Zimbabweans across all the economic divide who were used to partying all night, pop firecrackers, skidding vehicles while beating drums to signal a crossover to the New Year are today wearing sad faces after police warned against such merrymaking to combat the spread of Covid-19.
With authorities being watchful and putting in place precautions to curb the spreading of the coronavirus, cautious business leaders in Zimbabwe highlighted that Zimbabwe was not yet out of economic doldrums expressing mixed feelings about the country’s economic prospects for 2021.
Confederation of Zimbabwe Industry vice national president Joseph Gunda highlighted the need for continuous supply of foreign currency to industry to ensure smooth operation of the sector.
In June the Reserve Bank of Zimbabwe replaced the interbank market with weekly foreign exchange auctions to determine the Zimbabwe dollar exchange rate to enhance transparency and efficient distribution of foreign exchange.
“There was stability in the auction system and we wish that to continue. We hope that it is maintained. We also urge the central bank to allocate the forex efficiently. Sometimes as industry we see that we are allocated forex today and in the following weeks, you are not allocated any. We want continuity of allocation so as to allow smooth importation of raw materials,” Gunda said.
Gunda expressed concern over the unavailability and cost of utilities key in powering industrial growth.
“As for the Bulawayo industry, you notice that there has been the problem of utilities like water. We would want water to be always available. There has seen a noticeable improvement on power supply and we wish that to continue. Each time utilities go up there is a problem of prices going up and the end users will feel the heat. We also want to encourage continuous engagement between government and the private sector,” he said.
Economist Victor Bhoroma sees a 2021 marked by a general market stability punctuated by increased re-dollarisation and low inflation levels.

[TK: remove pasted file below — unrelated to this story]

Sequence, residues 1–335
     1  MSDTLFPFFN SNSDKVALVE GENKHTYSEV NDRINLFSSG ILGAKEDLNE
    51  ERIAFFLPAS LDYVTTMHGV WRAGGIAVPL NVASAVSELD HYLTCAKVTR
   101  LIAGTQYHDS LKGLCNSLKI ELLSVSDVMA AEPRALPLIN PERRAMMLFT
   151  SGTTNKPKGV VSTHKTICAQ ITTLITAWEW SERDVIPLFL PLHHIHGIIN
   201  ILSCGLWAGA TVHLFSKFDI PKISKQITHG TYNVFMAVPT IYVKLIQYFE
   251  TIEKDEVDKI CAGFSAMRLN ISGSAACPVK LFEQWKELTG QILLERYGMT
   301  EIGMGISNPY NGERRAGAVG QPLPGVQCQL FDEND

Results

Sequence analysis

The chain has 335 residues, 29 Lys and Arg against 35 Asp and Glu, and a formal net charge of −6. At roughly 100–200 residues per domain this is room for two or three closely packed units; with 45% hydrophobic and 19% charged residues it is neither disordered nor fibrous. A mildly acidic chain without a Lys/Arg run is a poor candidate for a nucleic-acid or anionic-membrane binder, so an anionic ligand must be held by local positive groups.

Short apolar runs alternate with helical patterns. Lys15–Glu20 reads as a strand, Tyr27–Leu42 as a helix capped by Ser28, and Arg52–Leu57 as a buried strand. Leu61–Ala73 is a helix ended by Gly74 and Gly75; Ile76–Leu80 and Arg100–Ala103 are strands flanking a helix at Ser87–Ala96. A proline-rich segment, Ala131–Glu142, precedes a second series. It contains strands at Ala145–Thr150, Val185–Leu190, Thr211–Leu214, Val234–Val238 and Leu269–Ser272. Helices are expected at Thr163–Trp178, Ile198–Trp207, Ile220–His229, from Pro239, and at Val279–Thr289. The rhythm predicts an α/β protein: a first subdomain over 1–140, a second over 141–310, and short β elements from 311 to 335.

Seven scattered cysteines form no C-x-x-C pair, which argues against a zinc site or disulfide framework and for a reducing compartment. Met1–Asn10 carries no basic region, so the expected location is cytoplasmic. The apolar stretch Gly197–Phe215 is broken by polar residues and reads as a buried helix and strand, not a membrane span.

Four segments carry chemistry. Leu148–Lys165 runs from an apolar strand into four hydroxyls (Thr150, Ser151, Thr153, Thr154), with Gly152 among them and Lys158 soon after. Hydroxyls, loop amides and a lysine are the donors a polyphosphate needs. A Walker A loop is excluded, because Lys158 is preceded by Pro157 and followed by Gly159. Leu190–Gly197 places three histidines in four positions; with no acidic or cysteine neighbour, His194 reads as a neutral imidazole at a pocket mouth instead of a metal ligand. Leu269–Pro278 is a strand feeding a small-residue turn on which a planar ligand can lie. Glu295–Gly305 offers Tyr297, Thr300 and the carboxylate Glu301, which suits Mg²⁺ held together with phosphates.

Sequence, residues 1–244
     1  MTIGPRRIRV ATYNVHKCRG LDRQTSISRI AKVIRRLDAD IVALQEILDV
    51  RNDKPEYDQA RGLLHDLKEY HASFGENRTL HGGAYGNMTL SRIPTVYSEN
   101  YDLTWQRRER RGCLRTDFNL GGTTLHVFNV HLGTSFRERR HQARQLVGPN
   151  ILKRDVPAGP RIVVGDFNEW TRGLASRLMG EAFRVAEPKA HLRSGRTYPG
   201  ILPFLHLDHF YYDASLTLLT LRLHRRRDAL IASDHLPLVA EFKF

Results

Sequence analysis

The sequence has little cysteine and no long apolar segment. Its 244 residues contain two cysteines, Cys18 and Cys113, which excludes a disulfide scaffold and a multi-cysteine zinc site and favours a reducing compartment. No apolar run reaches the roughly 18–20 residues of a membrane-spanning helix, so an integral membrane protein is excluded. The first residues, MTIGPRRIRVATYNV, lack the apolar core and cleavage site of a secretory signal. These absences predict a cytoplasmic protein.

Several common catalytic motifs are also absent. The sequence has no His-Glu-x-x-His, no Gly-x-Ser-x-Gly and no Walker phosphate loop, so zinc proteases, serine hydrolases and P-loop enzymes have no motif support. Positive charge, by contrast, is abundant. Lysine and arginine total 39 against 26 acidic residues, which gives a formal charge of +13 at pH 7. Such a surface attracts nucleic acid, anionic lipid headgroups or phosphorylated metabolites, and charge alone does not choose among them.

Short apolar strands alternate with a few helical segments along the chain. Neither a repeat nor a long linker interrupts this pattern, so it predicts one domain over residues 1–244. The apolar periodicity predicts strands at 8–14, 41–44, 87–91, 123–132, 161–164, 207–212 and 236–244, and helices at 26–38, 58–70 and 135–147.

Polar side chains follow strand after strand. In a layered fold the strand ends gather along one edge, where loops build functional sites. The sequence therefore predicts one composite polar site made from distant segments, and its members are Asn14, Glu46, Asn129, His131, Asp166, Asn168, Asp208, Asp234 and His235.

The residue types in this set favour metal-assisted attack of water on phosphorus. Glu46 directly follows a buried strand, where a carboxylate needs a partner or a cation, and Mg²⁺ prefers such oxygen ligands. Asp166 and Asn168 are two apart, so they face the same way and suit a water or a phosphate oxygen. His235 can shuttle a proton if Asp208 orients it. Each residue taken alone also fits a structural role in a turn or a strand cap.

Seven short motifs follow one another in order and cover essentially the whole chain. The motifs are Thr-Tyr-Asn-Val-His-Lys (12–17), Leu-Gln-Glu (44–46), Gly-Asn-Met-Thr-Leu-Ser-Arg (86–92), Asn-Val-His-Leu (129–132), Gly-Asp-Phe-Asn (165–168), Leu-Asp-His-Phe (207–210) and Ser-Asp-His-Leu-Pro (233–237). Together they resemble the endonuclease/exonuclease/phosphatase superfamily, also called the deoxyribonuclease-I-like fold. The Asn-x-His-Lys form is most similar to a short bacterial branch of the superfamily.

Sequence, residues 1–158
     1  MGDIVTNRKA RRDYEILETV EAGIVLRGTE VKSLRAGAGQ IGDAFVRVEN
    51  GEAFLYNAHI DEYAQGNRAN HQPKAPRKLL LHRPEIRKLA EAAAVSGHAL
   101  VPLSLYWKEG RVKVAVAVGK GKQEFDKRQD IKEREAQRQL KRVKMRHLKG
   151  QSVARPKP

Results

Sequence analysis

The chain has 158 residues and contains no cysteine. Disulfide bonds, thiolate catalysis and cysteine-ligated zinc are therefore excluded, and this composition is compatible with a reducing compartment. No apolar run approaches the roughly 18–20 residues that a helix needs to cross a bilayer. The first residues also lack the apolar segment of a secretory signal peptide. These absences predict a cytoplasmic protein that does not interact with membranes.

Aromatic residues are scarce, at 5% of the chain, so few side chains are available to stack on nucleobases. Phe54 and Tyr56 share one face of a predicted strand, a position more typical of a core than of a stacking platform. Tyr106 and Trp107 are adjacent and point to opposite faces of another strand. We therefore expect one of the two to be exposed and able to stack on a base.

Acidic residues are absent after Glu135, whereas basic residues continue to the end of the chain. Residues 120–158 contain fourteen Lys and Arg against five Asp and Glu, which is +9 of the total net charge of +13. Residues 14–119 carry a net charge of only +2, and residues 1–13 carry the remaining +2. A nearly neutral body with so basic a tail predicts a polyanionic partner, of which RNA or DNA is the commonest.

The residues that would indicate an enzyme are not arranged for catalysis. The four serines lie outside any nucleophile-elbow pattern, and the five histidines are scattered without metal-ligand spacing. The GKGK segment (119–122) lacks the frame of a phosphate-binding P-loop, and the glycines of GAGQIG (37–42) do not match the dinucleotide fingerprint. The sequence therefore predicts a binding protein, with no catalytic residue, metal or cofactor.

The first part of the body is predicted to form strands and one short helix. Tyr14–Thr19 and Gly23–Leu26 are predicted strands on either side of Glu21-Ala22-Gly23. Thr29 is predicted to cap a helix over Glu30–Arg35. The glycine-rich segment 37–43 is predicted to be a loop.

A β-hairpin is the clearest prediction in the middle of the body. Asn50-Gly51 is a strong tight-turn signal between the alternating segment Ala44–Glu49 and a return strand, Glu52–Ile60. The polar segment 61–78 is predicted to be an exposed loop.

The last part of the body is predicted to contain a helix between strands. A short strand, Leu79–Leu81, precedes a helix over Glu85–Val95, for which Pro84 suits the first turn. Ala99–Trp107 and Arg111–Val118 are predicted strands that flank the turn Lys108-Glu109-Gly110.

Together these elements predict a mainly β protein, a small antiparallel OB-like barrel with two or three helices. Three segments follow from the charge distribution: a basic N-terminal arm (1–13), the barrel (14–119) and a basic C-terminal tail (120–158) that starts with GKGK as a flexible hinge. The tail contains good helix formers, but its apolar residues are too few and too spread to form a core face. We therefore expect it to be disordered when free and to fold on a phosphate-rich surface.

“2021 promises to be better for the local economy with increased usage of the US dollar for local transactions which brings in market stability, low levels of inflation, confidence in the banking sector, above normal rains for better yields and electricity generation and market driven price discovery in most sectors of the economy,” said Bhoroma.
“Overall, the economy will grow by between 2%-3,5%.
Most economic sectors (Mining, Agriculture, Manufacturing, Tourism, Services, Real Estate and Construction) will register positive growth spurred by currency stability.”
After the economy declined by 4,1% this year, Treasury expects it to grow by 7,4% in 2021,
Institute of Chartered Accountants of Zimbabwe Chief Executive Officer Gloria Zvaravanhu conceded that 2020 was a difficult year punctuated by runaway inflation forcing the accounting profession to continue using hyperinflation reporting.
“2020 was a tough year on many fronts but it is said let your hopes, not your hurts shape the future. In that spirit my aspirations for 2021 are positive,” said Zvaravanhu.
Zvaravanhu’s comments come after the country’s runaway inflation forced accountants to adopt a hyperinflation reporting model during the last quarter of 2019.
Zimbabwe’s inflation reached a post-dollarisation high of 838% in July 2020.
Although it has since reduced to just above 400%, it still remains the one of the highest in the world.
Hospitality Association of Zimbabwe president Clive Chinwada expressed mixed feelings about next year, especially looking at it from the point of view of the tourism and hospitality sector.
“The fact that there is a new strain/variant of Covid-19 means that the nightmare caused by the pandemic is far from over. Whilst there is positive news in relation to the availability of vaccines, it is still unknown what this implies in relation to the new strain,” Chinwada said.
He highlighted that as in tourism and hospitality, there is room to work on and improve perceptions around the national brand at a time there is a lot that has happened generating negative international headlines to the detriment of the national brand and tourism sector.
Zimbabwe Commercial Farmers Union president Shadreck Makombe said predictions of better rains this season cast hope for the year.
“What’s needed is to synchronise policies, as well as visions of different businesses. We cannot say everything is going to be identical but we are saying the focus should be in sync with what’s happening in the business environment as a whole.
Notwithstanding natural disasters it appears it’s going to be a good year,” Makombe said.